“Reasoning sometimes changes how things seem to us. But there is also a way things seem to us prior to reasoning; otherwise, reasoning could not get started. The way things seem prior to reasoning we may call an ‘initial appearance’. An initial, intellectual appearance is an ‘intuition’. That is, an intuition that p is a state of its seeming to one that p that is not dependent on inference from other beliefs and that result from thinking about p, as opposed to perceiving, remembering, or introspecting. An ethical intuition is an intuition whose content is an evaluative proposition.”4

We know this proposition (and those like it) through intuition. Moreover, the proposition is self-evident. As Thomas Aquinas said, “A proposition is self-evident because the predicate is included in the essence of the subject.”5 Clearly, badness is included in the essence of agony!

So, is the proposition ‘Agony is intrinsically bad’ explained or grounded by a different proposition? The answer has got to be no: once you grasp what agony is, you understand that it’s bad. I’ll tentatively conclude, therefore, that we’ve identified a fundamental moral truth.

The only question left to ask is whether this proposition involves God, and I think the answer is very clearly no. God is obviously neither agony nor badness. Moreover the badness of agony is entirely accounted for by the nature of agony: God is not needed to make agony a bad thing. If he were, agony wouldn’t be intrinsically bad. Finally, since agony can exist without God, and agony inherently involves badness, badness can exist without God.


We’ve identified a moral proposition that boasts of the following features: it’s (i) necessarily true, (ii) fundamental, and (iii) it does not involve God. As such, this proposition belongs with all those other propositions that would be true whether or not God exists. God may affect what objective moral truths there are, but he makes no difference to whether there are objective moral truths.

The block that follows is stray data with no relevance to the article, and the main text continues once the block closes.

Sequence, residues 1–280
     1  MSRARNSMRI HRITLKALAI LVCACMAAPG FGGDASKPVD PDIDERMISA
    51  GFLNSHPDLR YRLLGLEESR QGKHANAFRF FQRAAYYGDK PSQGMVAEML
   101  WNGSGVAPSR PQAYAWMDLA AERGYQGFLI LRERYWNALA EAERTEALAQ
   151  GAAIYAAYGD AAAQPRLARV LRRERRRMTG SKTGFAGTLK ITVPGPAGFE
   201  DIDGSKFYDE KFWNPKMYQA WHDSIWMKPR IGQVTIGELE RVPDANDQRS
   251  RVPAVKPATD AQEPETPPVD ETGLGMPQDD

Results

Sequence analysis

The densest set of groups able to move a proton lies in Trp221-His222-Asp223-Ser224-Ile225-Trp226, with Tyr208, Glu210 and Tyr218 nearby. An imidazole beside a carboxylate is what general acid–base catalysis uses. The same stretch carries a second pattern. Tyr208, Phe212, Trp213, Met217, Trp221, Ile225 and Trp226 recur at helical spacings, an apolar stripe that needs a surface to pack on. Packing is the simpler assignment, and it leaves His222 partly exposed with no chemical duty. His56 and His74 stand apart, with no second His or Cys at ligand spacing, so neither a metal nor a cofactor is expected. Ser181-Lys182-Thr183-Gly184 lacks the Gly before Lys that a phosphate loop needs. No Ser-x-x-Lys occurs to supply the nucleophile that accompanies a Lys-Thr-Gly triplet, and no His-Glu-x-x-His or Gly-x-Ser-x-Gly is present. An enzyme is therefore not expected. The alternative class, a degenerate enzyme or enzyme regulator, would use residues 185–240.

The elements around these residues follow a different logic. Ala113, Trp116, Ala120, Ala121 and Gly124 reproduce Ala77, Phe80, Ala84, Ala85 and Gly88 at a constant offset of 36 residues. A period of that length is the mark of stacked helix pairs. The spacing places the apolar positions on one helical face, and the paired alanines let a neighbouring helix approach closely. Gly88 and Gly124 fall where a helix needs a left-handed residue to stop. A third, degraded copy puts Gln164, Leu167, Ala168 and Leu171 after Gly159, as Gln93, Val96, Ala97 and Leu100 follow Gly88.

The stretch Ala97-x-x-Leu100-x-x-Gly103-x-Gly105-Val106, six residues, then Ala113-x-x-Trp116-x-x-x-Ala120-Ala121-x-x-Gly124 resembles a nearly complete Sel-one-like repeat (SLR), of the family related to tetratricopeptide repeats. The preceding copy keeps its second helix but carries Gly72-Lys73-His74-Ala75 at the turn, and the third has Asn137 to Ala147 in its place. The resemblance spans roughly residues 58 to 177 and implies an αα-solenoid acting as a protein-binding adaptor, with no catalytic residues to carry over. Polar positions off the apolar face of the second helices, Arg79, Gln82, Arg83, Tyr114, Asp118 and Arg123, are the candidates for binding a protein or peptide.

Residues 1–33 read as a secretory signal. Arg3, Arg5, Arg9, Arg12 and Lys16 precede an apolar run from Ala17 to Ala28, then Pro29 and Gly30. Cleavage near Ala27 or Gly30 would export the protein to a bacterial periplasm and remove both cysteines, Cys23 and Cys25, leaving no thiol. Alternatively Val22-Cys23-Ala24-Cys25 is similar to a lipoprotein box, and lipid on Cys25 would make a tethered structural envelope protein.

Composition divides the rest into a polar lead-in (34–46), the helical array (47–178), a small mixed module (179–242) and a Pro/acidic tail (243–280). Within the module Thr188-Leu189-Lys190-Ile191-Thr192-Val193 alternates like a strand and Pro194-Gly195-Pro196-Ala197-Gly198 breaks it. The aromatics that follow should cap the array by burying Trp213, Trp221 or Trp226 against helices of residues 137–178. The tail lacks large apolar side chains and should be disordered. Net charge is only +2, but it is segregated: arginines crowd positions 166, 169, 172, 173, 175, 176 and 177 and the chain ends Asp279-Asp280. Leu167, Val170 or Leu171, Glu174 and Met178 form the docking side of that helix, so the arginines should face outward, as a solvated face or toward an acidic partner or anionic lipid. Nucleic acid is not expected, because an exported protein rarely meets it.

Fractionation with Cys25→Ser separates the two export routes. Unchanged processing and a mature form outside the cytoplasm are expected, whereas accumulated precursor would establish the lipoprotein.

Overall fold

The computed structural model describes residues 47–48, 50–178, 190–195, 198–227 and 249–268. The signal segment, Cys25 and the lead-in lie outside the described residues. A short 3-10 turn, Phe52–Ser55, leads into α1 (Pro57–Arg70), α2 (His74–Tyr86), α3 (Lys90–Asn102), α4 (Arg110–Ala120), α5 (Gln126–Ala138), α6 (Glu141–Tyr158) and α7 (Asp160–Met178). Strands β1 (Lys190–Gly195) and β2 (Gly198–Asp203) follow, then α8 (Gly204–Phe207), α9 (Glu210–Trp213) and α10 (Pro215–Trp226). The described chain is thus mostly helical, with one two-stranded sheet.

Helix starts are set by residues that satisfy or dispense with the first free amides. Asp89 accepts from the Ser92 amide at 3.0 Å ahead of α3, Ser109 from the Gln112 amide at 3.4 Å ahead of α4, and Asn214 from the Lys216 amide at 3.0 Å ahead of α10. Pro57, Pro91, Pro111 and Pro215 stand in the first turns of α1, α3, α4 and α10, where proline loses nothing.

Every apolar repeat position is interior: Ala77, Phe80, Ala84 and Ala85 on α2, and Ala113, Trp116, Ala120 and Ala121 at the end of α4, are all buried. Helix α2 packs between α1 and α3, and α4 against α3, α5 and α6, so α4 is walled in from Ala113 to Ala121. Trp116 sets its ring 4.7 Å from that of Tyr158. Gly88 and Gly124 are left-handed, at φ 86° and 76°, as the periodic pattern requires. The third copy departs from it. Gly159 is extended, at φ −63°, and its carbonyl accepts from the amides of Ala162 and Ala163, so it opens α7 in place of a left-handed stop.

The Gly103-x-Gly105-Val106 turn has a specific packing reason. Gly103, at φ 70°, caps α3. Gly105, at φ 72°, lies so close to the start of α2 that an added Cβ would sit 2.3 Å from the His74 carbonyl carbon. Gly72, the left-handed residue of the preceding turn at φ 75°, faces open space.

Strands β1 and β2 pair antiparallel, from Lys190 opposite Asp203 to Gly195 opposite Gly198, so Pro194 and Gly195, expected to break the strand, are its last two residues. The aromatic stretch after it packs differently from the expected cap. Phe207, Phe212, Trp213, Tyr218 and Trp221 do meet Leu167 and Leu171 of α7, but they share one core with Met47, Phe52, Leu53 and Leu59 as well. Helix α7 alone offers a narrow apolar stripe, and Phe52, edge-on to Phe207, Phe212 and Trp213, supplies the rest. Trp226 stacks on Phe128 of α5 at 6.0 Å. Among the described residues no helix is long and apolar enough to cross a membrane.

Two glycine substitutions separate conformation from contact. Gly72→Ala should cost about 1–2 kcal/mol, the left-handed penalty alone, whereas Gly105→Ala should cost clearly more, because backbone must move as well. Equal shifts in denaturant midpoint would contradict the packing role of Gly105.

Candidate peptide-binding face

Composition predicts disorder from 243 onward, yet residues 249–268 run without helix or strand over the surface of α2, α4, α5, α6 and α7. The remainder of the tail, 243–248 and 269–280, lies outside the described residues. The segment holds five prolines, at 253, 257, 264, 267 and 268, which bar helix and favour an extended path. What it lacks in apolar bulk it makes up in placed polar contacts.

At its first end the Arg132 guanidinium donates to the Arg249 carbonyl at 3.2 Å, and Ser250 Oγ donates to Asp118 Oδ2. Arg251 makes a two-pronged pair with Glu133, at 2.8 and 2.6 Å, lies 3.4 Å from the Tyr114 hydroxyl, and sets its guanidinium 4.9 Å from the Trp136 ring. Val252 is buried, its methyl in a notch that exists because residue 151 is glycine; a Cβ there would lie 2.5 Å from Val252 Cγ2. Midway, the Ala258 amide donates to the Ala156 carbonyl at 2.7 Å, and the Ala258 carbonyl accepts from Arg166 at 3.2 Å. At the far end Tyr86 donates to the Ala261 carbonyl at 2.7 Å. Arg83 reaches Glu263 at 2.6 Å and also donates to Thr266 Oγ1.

(Image credit: Photo Ready)


  1. Huemer, Michael. Ethical Intuitionism. Basingstoke: Palgrave Macmillan, 2008. p. 2
  2. Swinburne, Richard. The Existence of God. 2nd ed. Oxford: Clarendon, 2004. p. 213
  3. Wielenberg, Erik. “In Defense of Non-Natural Non-Theistic Moral-Realism.” Faith and Philosophy 26.1 (2009): 23-41
  4. Ethical Intuitionism, pp. 101-102
  5. ST, P. 1, Q. 2, A. 1.

    From another perspective, moral philosopher Russ Shafer-Landau states: “A proposition p is self-evident = df. p is such that adequately understanding and attentively considering just p is sufficient to justify believing that p.” - Shafer-Landau, Russ. Moral Realism: A Defence. Oxford: Clarendon, 2005. p. 247

    He goes on to say on the next page, “It seems to me self-evident that, other things equal, it is wrong to take pleasure in another’s pain, to taunt and threaten the vulnerable, to prosecute and punish those known to be innocent, and to sell another’s secrets solely for personal gain.”

Steven Dillon

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Steven Dillon is a nature loving hippy who enthusiastically supports the Philosophy of Religion, and the importance of good-willed dialogue between theists and atheists.